Our Thoughts Affect Our Feelings

In my book, The Founder of our Peace, I describe how researchers did an experiment in which 134 people put their hands into icy cold water, inducing a heightened level of stress. Prior to plunging their hands into the water, half of the study participants thought of neutral memories, while the other half thought of positive memories. The researchers found that those who thought of happy memories were much calmer than those who did not, and their stress levels were significantly lower. Summarizing their results, the researchers stated, “We can use something we already do naturally—recalling the positive past—to buffer the detrimental effects of acute stress in the present moment.”

In this study, researchers had participants merely think about positive memories. Through the miracles of technology, we can take this to the next level by looking at positive memories—something akin to mental time travel. Try this approach: select your favorite twenty, fifty, or a hundred photos—ones that evoke happy memories–and put them in a special folder on your phone or computer. My “happiest photos” folder includes baptizing a child, enjoying a reunion with dear friends from my freshman ward at BYU, playing in the leaves on a fall day, performing with my family in the Nauvoo Pageant, and snowboarding with Lani. Looking at these pictures invokes positive memories and triggers a response of gratitude for the happy experiences I have had. Recalling our positive past leads to both lower stress and greater peace.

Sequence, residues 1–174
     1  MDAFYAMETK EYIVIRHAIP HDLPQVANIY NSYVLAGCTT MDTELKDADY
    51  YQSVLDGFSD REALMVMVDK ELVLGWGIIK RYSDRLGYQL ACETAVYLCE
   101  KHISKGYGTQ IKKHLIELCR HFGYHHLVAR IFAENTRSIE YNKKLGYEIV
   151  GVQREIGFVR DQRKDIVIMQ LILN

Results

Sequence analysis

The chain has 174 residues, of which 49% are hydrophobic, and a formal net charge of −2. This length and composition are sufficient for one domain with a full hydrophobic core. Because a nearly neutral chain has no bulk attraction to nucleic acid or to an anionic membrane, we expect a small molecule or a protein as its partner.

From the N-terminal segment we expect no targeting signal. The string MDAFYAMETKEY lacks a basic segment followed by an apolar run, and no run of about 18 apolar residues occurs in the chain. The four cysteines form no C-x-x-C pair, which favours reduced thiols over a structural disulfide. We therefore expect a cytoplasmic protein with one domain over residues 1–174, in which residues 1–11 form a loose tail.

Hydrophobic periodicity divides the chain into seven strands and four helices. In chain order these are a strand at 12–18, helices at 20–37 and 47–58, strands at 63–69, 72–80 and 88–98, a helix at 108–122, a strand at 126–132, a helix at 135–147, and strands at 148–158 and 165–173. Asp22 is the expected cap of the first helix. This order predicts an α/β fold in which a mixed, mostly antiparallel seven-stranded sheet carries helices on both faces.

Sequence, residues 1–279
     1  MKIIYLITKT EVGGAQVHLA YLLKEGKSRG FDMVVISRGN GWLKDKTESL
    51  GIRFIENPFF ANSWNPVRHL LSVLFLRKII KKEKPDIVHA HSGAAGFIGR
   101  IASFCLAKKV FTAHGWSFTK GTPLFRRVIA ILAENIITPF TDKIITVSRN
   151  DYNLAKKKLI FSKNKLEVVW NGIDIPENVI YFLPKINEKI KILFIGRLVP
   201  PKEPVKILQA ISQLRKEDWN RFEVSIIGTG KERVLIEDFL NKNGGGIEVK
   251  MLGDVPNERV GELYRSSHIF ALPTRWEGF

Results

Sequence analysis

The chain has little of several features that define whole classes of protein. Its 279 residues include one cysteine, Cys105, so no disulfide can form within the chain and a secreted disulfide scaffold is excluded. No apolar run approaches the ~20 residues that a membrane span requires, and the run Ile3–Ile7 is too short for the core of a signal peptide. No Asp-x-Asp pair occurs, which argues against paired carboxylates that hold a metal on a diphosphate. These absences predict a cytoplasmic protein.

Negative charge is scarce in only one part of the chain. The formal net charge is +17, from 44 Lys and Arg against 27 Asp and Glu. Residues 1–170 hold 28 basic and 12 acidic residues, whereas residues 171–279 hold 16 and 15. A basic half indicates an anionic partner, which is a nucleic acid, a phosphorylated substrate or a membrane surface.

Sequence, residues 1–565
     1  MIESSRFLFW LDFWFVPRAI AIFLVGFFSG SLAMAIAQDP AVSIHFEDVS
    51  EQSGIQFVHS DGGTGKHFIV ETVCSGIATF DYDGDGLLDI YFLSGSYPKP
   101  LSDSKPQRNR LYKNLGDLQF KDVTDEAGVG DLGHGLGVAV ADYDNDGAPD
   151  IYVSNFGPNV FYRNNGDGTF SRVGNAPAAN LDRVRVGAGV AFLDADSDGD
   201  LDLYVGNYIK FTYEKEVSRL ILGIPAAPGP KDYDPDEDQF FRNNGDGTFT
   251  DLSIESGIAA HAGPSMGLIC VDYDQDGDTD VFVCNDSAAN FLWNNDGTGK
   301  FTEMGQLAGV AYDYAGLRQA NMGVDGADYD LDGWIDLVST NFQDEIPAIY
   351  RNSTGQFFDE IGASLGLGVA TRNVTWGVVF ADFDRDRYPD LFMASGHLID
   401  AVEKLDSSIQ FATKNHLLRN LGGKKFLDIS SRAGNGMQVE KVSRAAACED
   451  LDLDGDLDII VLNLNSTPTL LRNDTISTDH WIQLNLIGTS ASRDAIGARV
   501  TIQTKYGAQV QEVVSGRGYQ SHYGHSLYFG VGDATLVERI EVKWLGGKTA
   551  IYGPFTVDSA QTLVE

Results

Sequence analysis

We see this same lesson in Mosiah 25. Watch this video and you’ll see some of my favorite pictures!